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A conceptual rendering for The Block at Scotts Run, which will occupy a currently vacant lot in Tysons (via Fairfax County/VIKA Virginia)

Will it be a hub for food trucks? How about an indoor spa, or a trampoline park with pop-up retail stalls? Why not all of the above?

Cityline Partners, the developer behind the Scotts Run neighborhood in Tysons, can let its imagination run wild — to a point — after the Fairfax County Planning Commission approved its proposal on Wednesday (April 27) to “activate” the 1600 block of Anderson Road.

Right now, the empty 3.5-acre lot is serving as a construction staging area while work continues on Heming, a 28-story apartment complex with retail set to open at Scotts Run next year.

Under the approved development plan, Cityline can add recreational, entertainment, and pop-up retail and restaurant activities to the site on an interim basis for the next 20 years.

“We think this is an exciting opportunity to bring life to this gateway at Tysons East,” said Holland & Knight land use attorney David Schneider, who represented the developer at the planning commission’s public hearing.

Located across the street from The Kingston and Haden apartment buildings and within a mile of the McLean Metro station, The Block at Scotts Run can host activations that fall under five categories:

  • Quasi-public park
  • Outdoor commercial recreation
  • Indoor commercial recreation
  • Retail
  • Restaurant

Those are broad categories, as defined by the county’s recently updated zoning code. Outdoor commercial recreation, for example, encompasses everything from mini golf to drive-in movie theaters and amusement park rides.

There will be a 90-foot height limit and a maximum of 30,000 square feet of gross floor area, but the plan is intended to be flexibile, allowing the site to change with the seasons and the community’s needs. Read More

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Developer LCOR has proposed a more mixed-use neighborhood, McLean Crossing, to replace the Commons of McLean (via Fairfax County)

The Commons of McLean’s days are numbered.

As anticipated, developer LCOR has filed a new plan with Fairfax County for the Tysons East apartment complex that provides fewer housing units in favor of more commercial space, including potential senior living, office and hotel facilities.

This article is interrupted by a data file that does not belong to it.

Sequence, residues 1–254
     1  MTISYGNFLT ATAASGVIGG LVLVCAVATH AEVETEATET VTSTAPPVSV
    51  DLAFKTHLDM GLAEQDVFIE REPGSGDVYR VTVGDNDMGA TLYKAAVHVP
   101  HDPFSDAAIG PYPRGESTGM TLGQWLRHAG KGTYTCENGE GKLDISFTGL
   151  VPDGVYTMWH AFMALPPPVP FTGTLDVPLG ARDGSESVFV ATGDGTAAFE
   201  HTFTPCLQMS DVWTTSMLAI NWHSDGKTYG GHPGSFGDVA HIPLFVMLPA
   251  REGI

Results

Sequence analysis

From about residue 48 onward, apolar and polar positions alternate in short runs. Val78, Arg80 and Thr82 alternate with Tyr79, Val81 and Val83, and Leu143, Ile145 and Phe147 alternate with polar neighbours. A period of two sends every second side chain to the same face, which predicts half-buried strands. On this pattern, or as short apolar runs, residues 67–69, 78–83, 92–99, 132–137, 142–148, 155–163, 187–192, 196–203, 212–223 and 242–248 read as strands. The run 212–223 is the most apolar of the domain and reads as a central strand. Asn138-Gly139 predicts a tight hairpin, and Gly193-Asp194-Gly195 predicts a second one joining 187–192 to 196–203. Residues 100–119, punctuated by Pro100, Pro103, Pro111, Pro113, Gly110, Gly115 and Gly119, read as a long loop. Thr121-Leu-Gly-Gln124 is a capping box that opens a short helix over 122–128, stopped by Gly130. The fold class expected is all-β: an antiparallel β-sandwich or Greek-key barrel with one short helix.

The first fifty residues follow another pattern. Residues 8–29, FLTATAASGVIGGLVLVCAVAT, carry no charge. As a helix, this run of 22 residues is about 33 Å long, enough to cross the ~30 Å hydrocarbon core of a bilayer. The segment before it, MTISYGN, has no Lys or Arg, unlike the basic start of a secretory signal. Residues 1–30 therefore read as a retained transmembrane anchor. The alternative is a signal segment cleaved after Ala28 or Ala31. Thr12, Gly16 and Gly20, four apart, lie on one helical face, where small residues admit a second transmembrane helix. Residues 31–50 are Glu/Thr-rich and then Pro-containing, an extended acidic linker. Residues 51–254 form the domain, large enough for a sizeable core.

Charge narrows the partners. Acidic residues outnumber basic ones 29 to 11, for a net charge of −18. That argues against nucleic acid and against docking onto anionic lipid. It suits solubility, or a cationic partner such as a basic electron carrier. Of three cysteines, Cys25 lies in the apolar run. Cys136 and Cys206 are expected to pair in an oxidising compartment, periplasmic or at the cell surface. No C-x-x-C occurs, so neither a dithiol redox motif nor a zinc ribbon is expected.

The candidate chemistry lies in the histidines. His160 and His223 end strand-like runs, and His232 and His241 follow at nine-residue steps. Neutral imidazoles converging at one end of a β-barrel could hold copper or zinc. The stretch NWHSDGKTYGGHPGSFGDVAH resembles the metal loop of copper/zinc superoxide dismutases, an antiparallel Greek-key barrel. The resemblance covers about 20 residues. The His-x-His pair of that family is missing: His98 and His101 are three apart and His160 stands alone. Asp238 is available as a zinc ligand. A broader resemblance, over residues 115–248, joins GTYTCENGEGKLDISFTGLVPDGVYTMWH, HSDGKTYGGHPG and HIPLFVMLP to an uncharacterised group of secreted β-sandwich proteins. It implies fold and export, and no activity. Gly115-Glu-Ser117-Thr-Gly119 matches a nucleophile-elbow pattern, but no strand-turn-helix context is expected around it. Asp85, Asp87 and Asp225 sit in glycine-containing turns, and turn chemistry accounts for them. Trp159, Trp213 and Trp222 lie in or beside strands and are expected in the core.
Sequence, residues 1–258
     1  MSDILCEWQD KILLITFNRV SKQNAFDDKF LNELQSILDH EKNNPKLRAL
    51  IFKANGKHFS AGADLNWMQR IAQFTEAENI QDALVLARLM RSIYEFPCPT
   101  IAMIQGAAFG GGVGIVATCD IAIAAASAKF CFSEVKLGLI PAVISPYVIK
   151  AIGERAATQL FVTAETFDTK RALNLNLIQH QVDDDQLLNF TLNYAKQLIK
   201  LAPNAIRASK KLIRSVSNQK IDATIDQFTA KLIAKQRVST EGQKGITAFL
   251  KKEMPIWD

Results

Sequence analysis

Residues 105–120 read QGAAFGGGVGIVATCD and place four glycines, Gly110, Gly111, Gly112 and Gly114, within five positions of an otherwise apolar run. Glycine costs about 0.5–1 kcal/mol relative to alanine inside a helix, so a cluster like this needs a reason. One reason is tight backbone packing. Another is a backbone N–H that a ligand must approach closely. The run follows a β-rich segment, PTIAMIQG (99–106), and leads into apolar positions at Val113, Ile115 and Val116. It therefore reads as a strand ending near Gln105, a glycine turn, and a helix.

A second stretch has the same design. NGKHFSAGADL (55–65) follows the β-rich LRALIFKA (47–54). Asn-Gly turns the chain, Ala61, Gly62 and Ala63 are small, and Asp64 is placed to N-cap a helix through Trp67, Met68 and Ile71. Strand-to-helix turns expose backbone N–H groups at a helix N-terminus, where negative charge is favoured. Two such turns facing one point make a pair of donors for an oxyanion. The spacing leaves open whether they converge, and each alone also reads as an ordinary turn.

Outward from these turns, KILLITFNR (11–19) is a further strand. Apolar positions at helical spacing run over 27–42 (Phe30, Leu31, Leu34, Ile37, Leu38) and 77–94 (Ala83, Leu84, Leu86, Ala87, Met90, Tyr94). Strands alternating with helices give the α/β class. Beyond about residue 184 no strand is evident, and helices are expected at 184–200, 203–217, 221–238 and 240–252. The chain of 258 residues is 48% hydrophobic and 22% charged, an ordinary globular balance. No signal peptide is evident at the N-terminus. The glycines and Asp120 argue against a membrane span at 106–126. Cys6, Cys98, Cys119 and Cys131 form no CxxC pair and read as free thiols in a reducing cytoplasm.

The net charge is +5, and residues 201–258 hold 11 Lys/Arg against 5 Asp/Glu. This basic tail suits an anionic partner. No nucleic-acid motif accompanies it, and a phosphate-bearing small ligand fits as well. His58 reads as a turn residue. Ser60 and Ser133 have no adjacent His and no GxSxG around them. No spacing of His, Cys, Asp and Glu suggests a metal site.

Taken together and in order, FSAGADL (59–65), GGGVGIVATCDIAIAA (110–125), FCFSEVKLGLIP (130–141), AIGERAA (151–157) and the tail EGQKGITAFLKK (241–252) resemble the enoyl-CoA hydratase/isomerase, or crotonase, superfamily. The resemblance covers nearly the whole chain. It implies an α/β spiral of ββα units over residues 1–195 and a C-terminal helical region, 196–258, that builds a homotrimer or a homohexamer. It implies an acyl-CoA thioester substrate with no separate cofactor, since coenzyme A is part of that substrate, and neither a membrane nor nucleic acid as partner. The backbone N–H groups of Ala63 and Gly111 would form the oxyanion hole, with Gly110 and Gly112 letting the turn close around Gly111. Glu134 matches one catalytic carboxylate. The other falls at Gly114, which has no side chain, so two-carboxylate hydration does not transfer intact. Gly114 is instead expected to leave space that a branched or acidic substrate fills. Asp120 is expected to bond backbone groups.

Though the overall density proposed is about the same, the new McLean Crossing plan splits the 2.6 million square feet up across 12 buildings instead of the seven mostly residential buildings previously approved in 2013.

“The Applicant has determined that an infusion of a mix of uses is needed to allow this community to develop and prosper, and become a truly activated urban neighborhood in keeping with the vision for Tysons,” Walsh Colucci senior land use attorney Elizabeth Baker said in an April 22 statement of justification on the developer’s behalf.

Building off of the Kingston apartments, which opened in 2018 as the only element of the 2013 plan to come to fruition, McLean Crossing will cover approximately 18.7 acres of land along Anderson Road, just east of Route 123 and the McLean Metro station.

Constructed in 1966, all of the Commons buildings will be demolished, according to the proposed redevelopment plan.

To replace them, LCOR has put forward three possible scenarios: base development, which would provide the most non-residential uses; Option 1, which would have the most residential uses; and Option 2, which would have the most office space.

In all cases, the plan calls for at least 1.7 million square feet of development with 6.44 acres of public park space — slightly shy of the 6.46 acres required for that amount of development.

The proposed parks include a full-sized athletic field called Goodman Field. Anderson Park, located by the intersection of Anderson and Colshire Drive, will have two playgrounds, outdoor fitness equipment, beach volleyball, basketball, four pickleball courts, and a tennis court.

“These parks are strategically located throughout the property and in addition to the athletic field, include sport courts, playgrounds, a dog park, plazas, and pocket parks,” the application says. “These parks complete the neighborhood as a place to live, work and play.”

The proposed McLean Crossing conceptual development plan (via Fairfax County)

With Kingston designated as Building 1, here’s a breakdown of the 11 new buildings proposed by LCOR: Read More

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